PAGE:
Dr. Samuel Addy of the Center for Business and Economic Research at the University of Alabama offers “research services” to interested clients. Prof. Addy latest product is a report that found that HB56, Alabama’s immigration enforcement law, might reduce the state’s Gross Domestic Product (GDP), by which he refers to the Gross State Product) by between $2.3 billion and $10.8 billion a year, or 1.3 to 6.2 percent of Alabama’s overall GDP. I will not venture a guess as to whether big business interests in Alabama funded this “study,” but Addy’s report certainly was not published as an academic work. It would never survive peer review. It certainly doesn’t pass the smell test.
How did Prof. Addy come up with his figures? He assumed that 40,000 to 80,000 illegal alien workers would leave the state (an occurrence that would be celebrated by Alabama workers) and that these jobs would not be filled by legal workers. He also concluded that businesses which formerly hired illegal workers would not adapt by increasing wages to attract legal workers to fill jobs vital to Alabama’s economy. The lack of illegal workers would lead to a loss of economic activity, a drop in tax collections, litigation costs, and so on. The basis for Addy’s calculation is the assumption that “less than 9 out of every 100 vacated jobs [would be] filled by unemployed legal residents and citizens.” On what does Addy base this assumption? On “anecdotal evidence,” by his own admission. So someone told Addy that Alabamians are lazy and employers in the state too greedy to pay living wages to legal workers. Maybe it was the voices in his head.
Addy ignored the fact that Alabama’s unemployment rate has dropped at more than double the rate of the national average since the implementation of HB56 began (Addy seems confused about what the actual unemployment rate is or how it is calculated). He also fails to note that many of the jobs performed by illegal aliens exist only because employers have had access to a steady supply of illegal, easily exploitable workers. And he ignores data available from the Census Bureau showing that even before the Great Recession, native-born workers were doing all of the jobs he claims they refuse to do. In fact, out of 465 civilian occupations, immigrants make up the majority of workers in only four. And in these four occupations, native-born Americans make up 47 percent of the workforce. There are no jobs American are not doing or will not do. It is shameful to suggest otherwise.
Addy claims that illegal immigration has minimal, if any, costs to Alabama taxpayers, and enforcing the law costs money, so why bother. It’s better to have Alabama’s economy continue to grow, because growth is good, and everyone prospers – that’s how the “free market” operates. This fallacy is really the crux of Addy’s argument and is the basis for almost all economic arguments in favor of continuing to allow employers to hire illegal workers. Economists (who, I remind readers, practice a social science) threaten that the GDP will go down if illegal workers are not in the economy, but they fail to acknowledge that GDP is only a measure of the total economic output of a state or nation; it is not a measure of economic prosperity, wage levels, profitability, or a gauge of the standard of living. The GDP includes the profits that accrue to employers who hire illegal aliens and the hundreds of millions of dollars that Alabama taxpayers shell out every year for the costs of illegal immigration. It also includes money spent on unemployment, welfare, and entitlement programs that are a result of Alabamians who are put out of work by illegal aliens, or who endure poverty wages.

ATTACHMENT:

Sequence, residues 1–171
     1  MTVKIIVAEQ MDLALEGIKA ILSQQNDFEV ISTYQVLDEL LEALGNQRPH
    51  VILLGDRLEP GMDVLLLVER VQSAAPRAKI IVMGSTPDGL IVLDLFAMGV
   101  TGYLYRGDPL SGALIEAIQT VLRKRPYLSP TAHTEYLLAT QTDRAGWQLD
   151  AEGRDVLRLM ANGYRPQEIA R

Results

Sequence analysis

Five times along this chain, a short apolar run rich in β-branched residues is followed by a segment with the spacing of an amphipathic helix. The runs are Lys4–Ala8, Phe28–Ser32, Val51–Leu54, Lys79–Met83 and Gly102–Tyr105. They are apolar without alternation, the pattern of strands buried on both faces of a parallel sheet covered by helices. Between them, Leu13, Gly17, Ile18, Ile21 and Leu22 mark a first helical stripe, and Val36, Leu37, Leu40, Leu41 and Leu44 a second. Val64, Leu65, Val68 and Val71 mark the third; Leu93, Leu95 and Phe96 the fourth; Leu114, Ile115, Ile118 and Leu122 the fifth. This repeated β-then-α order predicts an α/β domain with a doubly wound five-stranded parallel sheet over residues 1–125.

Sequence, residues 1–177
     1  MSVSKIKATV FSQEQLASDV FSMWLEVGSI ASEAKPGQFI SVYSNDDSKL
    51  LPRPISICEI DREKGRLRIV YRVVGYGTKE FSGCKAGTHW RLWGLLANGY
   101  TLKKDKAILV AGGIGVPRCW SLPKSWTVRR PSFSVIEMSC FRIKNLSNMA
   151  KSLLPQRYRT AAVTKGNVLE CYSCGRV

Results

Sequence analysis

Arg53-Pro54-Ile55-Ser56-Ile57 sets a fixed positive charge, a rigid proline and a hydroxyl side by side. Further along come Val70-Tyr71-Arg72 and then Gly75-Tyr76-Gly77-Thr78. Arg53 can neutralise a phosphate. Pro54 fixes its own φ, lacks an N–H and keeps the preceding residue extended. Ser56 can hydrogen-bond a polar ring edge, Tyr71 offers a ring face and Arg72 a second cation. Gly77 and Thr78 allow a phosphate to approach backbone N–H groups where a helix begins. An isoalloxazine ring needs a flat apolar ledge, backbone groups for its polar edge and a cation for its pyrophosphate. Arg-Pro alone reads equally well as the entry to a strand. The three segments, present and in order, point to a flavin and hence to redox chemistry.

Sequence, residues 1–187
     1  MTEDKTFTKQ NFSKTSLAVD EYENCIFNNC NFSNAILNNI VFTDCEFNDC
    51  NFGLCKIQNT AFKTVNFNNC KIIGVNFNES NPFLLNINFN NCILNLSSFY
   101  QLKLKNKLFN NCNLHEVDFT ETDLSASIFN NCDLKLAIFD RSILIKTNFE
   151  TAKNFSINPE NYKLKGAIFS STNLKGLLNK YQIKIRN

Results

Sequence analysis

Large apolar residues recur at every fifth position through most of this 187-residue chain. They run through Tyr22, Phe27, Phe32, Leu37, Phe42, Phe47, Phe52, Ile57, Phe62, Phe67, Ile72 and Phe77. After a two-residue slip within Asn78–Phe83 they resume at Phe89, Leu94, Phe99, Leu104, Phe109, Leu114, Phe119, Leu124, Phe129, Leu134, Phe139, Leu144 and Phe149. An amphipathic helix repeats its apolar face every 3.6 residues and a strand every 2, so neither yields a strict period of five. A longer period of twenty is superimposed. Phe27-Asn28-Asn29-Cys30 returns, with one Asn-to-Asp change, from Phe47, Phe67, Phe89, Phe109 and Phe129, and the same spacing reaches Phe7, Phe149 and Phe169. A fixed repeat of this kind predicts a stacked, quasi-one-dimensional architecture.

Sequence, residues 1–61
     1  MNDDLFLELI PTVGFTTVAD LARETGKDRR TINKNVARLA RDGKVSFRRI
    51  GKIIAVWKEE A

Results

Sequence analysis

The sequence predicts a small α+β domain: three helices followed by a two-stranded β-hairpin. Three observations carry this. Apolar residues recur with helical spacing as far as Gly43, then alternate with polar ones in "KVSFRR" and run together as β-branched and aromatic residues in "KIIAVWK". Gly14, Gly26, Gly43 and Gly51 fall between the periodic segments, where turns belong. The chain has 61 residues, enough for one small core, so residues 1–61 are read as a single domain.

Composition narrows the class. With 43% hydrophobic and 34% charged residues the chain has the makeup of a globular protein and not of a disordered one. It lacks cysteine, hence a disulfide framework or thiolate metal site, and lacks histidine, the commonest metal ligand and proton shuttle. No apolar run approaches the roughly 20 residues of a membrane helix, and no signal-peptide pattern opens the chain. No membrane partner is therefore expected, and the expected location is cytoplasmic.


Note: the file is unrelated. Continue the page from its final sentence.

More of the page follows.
Addy’s work is the same boilerplate “study” put out on a regular basis to attack immigration enforcement efforts, and of course it contains the same insults to American workers: that they are lazy and unwilling to work, and so employers have no choice but to continue to hire illegal workers, pay them poverty wages, offer no benefits, and subject them to adverse working conditions. It is outrageous that the University of Alabama would allow its imprimatur on a report that justifies such practices and recommends that they continue. Addy is not calling for amnesty, or a workable guest worker program, or higher wages, better treatment for workers, etc. He argues instead that Alabama’s economy depends on Alabamians being pushed out of the labor market by illegal aliens and he opposes HB56 because it would curtail this.